Hundreds of fish found gasping on surface of Forty Foot Drain during heatwave

On Sunday anglers from the Chatteris Working Men’s Club arrived on the banks of the Forty Foot Drain

On Sunday anglers from the Chatteris Working Men’s Club arrived on the banks of the Forty Foot Drain to find hundreds of fish up on the surface gasping and realised something was wrong. The Environment Agency - Great Ouse and Fenland Fisheries team's fisheries duty officer was on site quickly and monitoring water quality. Picture: ENVIRONMENT AGENCY GREAT OUSE AND FENLAND FISHERIES/FACEBOOK - Credit: Archant

A group of Fenland fishermen found hundreds of fish on the surface of the Forty Foot Drain gasping during Sunday’s heatwave.

Soon after arriving on the banks, anglers from Chatteris Working Men’s Club “realised something was wrong” and called the Environment Agency’s incident hotline number.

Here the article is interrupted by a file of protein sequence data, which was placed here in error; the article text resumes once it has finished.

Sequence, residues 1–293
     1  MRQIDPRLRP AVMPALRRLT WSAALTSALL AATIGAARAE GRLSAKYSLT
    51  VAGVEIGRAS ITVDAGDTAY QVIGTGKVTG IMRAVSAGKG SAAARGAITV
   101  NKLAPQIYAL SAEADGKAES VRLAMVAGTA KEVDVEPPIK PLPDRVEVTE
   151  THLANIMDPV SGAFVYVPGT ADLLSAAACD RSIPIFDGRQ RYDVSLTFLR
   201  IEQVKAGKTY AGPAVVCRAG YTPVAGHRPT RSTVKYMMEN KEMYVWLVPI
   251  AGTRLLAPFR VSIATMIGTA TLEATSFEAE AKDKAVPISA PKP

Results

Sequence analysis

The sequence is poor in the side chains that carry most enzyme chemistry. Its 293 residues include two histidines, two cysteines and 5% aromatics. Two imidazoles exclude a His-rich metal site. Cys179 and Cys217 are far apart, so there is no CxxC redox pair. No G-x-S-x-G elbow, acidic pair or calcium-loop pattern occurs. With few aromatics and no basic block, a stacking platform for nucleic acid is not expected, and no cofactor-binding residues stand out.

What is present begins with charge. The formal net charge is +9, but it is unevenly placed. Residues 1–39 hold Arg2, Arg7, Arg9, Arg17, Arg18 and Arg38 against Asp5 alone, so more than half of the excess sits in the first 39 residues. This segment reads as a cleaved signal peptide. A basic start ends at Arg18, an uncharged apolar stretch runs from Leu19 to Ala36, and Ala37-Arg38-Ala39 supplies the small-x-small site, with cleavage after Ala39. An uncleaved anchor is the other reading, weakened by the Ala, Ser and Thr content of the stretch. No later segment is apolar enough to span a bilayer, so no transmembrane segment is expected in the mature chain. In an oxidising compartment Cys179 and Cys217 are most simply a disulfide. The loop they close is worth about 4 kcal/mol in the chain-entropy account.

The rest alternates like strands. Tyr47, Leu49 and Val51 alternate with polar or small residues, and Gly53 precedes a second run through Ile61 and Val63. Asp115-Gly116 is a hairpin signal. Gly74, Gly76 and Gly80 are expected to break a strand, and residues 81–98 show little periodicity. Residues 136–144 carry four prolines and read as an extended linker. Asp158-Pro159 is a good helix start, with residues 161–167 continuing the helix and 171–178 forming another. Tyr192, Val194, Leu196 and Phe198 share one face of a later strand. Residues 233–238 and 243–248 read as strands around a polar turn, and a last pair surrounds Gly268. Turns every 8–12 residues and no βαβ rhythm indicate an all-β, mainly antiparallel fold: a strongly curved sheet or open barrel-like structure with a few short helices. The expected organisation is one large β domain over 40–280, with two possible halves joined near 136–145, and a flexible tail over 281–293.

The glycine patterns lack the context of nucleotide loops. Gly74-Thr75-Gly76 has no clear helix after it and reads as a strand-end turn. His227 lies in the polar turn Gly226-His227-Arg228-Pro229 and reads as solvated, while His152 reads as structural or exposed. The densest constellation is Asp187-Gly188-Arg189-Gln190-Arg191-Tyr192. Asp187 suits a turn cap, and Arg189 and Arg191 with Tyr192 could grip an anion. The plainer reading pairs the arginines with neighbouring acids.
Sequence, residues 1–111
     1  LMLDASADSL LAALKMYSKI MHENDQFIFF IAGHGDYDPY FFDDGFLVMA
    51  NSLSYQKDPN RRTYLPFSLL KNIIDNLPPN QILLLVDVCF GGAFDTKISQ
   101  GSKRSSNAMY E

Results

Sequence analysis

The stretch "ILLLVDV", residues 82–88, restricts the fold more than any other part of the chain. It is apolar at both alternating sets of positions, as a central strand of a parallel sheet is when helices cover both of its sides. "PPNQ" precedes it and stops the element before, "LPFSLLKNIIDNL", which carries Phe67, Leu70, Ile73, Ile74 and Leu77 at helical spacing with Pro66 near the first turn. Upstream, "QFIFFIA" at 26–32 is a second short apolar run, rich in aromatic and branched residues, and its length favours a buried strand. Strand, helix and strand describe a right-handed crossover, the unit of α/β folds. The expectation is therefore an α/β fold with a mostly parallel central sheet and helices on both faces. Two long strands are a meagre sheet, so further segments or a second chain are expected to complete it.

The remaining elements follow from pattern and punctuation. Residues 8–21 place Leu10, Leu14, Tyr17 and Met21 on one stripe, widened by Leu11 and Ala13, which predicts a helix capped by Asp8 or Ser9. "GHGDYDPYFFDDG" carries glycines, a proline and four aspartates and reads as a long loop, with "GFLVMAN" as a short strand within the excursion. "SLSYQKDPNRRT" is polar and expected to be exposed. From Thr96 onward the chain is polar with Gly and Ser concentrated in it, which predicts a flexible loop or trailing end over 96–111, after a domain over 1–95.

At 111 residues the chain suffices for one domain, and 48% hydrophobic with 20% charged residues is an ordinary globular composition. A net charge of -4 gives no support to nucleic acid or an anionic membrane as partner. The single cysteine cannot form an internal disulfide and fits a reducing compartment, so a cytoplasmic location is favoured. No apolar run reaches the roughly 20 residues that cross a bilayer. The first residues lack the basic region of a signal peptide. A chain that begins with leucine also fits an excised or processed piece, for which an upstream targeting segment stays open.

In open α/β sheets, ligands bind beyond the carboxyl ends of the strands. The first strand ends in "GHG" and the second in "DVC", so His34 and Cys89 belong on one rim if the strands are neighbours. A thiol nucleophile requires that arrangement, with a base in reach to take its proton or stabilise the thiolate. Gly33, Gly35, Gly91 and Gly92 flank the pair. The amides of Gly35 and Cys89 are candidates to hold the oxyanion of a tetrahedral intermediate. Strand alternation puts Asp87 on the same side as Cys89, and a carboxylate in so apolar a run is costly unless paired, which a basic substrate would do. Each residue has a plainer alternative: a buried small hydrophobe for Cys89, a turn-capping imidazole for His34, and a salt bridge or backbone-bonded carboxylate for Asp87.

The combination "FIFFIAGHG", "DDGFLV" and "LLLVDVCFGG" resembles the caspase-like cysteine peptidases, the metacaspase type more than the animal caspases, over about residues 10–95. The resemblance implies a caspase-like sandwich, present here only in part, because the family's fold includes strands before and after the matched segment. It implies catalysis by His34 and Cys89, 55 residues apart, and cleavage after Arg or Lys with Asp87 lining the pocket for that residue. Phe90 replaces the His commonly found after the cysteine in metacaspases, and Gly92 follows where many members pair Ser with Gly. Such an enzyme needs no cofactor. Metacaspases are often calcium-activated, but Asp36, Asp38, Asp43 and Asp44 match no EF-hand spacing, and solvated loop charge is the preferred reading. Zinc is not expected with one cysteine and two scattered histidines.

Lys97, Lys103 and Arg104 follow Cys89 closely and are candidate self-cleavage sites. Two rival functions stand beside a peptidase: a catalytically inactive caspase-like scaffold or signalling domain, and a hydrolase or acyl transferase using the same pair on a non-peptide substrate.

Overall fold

The fisheries duty officer was quickly on site and monitoring water quality and a spokesman for the Environment Agency said: “By the time we had arrived, the dissolved oxygen levels had naturally increased (not by much) and only a handful of #fish were gasping at the surface.

“However, at 19 per cent by late afternoon, oxygen levels were unlikely to increase any further and a decline overnight and possible fish mortality the next morning were a real possibility.”

The spokesman added that angling clubs and fishery owners “should be regularly monitoring their water quality at this time of year as part of good fishery management”.

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To prevent a serious incident occurring, the Environment Agency said it “proactively decided to deploy our chemical aeration equipment to give the oxygen levels a much needed boost and see the fish through the night and over the next few days”.

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They added that the drain will be “closely monitored this week and we’ll be ready to respond again if required.

“So, if any anglers are out walking the river banks or around stillwaters this week and you see dead or distressed fish, please call our incident hotline number immediately on 0800 807060.

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